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  • Harvard Business School Case 217-021

Bayer AG: Bidding to Win Merck's OTC Business

Shortly after submitting their best and final offer to acquire Merck's Consumer Care Division (a collection of "over-the-counter" (OTC) products with sales totaling $2 billion), the Bayer M&A team was given a chance to revise their bid because another potential acquirer—likely Reckitt-Benckiser, a UK-based company that had outbid them in a few prior acquisition auctions—had submitted a last-minute offer to Merck. Frank Rittgen (head of M&A) and Werner Baumann (CFO) have to decide whether to increase the cash portion of their $14.2 billion offer and/or amend the terms of a proposed joint venture (JV) with Merck involving cardiovascular drugs that had been included in their offer as a way to "sweeten" the deal. Under the current terms of the proposed JV, Merck would pay Bayer $1 billion upfront for access to their pipeline of drugs and could pay up to another $1.2 billion in contingent payments based on actual sales. Alternatively, the Bayer team could hold fast on both fronts and let their final bid stand. With only an hour to make a decision regarding one of the industry's "transformational assets," the Bayer team had to move quickly and carefully as they were determined not to overpay for the asset.

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In September 2014, Tom Montgomery (SVP of strategic initiatives at the De Beers Group) and his team launched a pilot program in the United States to explore the $1 billion diamond market for pre-owned (recycled) diamonds. According to Montgomery, the motivation for the pilot program was to improve the consumer reselling experience and to enhance "diamond equity." Somewhat paradoxically, consumers typically received very low prices when they tried to sell diamonds (5-20% of the original retail price) leaving them reluctant to purchase diamonds in the future and making them into ambassadors of ill will. At a meeting scheduled for November 2015, the De Beers Executive Committee would have to decide whether to end the pilot program, extend it for another year to gather more information, or convert it into a new standalone business unit. Because De Beers had historically focused on producing rough diamonds (the "upstream" business), yet the new business unit offered an opportunity to enter and enhance the market for polished diamonds (the "downstream" business), the decision was particularly noteworthy.

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This note provides an overview of three key healthcare IT areas: electronic medical records and electronic health records, revenue cycle management, and telemedicine. This note also contains a glossary of key terms and acronyms in this space as well as exhibits detailing unit economics, market dynamics, and key players.

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No abstract available.

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  • Harvard Business School Case 217-050

Exotic Interest Rate Swaps: Snowballs in Portugal

This case explores a complex swap transaction implemented by Metro do Porto in 2007. It represents an opportunity to study fixed income derivative instruments, such as plain-vanilla swaps and structured swaps, as well as understand the opportunities and challenges of using innovative financial instruments. The public sector setting allows discussion of the political economy implications of such transactions.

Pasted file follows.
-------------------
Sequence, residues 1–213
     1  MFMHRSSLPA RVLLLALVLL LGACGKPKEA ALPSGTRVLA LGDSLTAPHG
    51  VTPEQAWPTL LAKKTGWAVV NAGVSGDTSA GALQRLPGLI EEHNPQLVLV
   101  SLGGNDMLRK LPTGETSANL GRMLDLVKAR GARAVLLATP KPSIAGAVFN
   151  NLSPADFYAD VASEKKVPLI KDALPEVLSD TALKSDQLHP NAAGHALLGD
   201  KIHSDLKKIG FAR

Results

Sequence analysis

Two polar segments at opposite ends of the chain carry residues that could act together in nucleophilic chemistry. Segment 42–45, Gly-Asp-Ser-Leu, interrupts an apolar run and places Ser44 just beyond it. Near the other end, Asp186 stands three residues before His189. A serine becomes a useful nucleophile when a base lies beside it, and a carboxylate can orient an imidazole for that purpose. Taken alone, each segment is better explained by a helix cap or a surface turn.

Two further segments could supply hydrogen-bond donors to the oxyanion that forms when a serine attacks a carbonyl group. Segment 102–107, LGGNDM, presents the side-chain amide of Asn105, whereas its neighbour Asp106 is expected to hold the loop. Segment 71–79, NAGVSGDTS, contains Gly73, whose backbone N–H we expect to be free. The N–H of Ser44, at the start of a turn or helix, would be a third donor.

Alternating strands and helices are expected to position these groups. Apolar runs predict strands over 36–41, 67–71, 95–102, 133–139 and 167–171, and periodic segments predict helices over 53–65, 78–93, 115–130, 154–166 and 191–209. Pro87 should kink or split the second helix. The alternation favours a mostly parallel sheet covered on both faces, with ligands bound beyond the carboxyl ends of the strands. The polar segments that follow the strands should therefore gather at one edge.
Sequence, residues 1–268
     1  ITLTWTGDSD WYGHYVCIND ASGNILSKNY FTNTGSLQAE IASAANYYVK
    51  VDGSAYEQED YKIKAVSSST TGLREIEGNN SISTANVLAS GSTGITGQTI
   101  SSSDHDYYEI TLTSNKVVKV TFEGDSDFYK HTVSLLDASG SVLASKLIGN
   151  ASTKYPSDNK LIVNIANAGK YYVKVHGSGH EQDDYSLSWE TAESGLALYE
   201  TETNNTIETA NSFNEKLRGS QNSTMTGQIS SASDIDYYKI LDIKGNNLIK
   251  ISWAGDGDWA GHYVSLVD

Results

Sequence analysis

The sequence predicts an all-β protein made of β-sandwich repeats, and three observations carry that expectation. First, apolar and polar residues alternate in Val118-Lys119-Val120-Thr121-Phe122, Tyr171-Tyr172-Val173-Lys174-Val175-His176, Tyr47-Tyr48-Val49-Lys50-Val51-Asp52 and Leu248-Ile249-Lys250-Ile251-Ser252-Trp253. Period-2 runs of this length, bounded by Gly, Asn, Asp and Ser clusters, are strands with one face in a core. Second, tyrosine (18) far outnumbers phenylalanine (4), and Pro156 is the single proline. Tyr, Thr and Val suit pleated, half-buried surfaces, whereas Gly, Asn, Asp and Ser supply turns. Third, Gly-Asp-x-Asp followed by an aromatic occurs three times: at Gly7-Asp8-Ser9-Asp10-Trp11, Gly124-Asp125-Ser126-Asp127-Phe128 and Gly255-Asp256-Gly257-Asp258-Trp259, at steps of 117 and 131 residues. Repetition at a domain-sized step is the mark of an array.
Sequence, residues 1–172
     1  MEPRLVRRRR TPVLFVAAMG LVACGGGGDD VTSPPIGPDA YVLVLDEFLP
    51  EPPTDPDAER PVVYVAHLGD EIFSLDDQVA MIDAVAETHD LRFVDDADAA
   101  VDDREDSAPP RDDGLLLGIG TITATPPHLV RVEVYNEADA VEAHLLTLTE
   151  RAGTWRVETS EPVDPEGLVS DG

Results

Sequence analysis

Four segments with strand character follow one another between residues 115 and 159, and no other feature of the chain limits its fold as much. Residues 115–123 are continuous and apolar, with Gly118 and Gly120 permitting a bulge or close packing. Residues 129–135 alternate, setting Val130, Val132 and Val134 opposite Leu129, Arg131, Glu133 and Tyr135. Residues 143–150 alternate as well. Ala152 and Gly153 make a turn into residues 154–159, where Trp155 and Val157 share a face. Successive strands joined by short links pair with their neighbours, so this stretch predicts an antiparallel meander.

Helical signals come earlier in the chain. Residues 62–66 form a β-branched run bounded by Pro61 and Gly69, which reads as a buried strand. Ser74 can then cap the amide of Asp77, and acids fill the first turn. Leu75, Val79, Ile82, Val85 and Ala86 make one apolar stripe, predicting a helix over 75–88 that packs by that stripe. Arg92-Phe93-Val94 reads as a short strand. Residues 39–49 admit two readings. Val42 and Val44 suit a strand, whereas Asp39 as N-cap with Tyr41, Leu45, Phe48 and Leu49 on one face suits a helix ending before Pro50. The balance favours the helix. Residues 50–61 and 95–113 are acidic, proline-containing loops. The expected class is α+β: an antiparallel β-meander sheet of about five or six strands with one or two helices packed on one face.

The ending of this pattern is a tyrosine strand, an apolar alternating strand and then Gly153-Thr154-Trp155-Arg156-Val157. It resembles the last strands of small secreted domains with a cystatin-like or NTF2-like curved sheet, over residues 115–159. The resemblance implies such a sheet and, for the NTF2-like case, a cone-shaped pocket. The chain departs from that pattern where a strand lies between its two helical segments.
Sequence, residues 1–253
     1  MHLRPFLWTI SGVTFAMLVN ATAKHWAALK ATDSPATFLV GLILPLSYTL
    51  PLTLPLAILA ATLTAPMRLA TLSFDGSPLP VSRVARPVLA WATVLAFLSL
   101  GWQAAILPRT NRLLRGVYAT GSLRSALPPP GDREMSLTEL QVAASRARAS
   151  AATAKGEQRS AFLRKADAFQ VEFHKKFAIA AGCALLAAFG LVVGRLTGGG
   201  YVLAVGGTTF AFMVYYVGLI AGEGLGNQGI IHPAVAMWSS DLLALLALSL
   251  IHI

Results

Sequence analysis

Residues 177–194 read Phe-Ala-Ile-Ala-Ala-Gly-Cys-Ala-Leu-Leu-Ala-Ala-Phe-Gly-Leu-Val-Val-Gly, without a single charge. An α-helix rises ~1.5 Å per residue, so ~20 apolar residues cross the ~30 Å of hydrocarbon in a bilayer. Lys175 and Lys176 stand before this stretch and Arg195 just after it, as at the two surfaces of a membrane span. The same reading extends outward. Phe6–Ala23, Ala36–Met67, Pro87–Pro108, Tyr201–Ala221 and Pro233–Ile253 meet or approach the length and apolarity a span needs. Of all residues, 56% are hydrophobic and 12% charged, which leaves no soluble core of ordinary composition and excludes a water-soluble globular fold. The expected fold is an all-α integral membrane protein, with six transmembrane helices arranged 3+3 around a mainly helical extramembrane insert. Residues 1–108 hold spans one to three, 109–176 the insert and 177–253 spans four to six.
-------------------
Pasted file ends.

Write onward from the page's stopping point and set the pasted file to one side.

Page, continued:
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  • Harvard Business School Case 717-464

Danaher Corporation, 2007–2017

On July 2, 2016, Danaher Corporation completed the spinoff of Fortive Corporation. The previous day, Danaher’s stock price had reached an all-time high. In 2015, Danaher had decided to split off its test and measurement, fuel and fleet management, and automation businesses, leaving the “new Danaher” focused on life sciences, diagnostics, dental, water quality, and product-identification businesses. It was hardly the first industrial conglomerate to spin off major divisions; Tyco International PLC, ITT Corporation, Illinois Tool Works, Johnson Controls, and Ingersoll-Rand PLC had made similar moves in recent memory. However, its peers had often experienced declining profitability or pressure from activist investors. Danaher, by contrast, had performed strongly in the years leading up to the spinoff. It had spent the previous decade strengthening its portfolio in sectors such as life sciences and dental products with acquisitions including Beckman Coulter in 2011, Nobel Biocare Holding AG in 2014, and Pall Corporation in 2015.

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  • Harvard Business School Case 717-459

The Six CEOs of Tyco International Ltd.

In September 2016, Johnson Controls, Inc. completed the acquisition of Tyco International PLC, a $9.9 billion business with operating profits of $884 million. The purchase consideration was $14.4 billion. Although the deal was billed as a merger, Ireland-based Tyco effectively acquired U.S.-based Johnson Controls in a tax inversion deal that saved $150 million a year in taxes. Operating synergies were estimated at $500 million over three years. Tyco International was all that remained of what 15 years earlier, in 2001, had been a $36.4 billion conglomerate with a market capitalization of $120 billion. It took the charismatic CEO, Dennis Kozlowski, 10 years to grow the business from $3 billion to $36 billion, increasing its value by more than 60 times along the way. But Kozlowski went to prison on fraud charges in 2005, and the portfolio was slowly unwound under his successor. Now in 2016, Tyco was to disappear.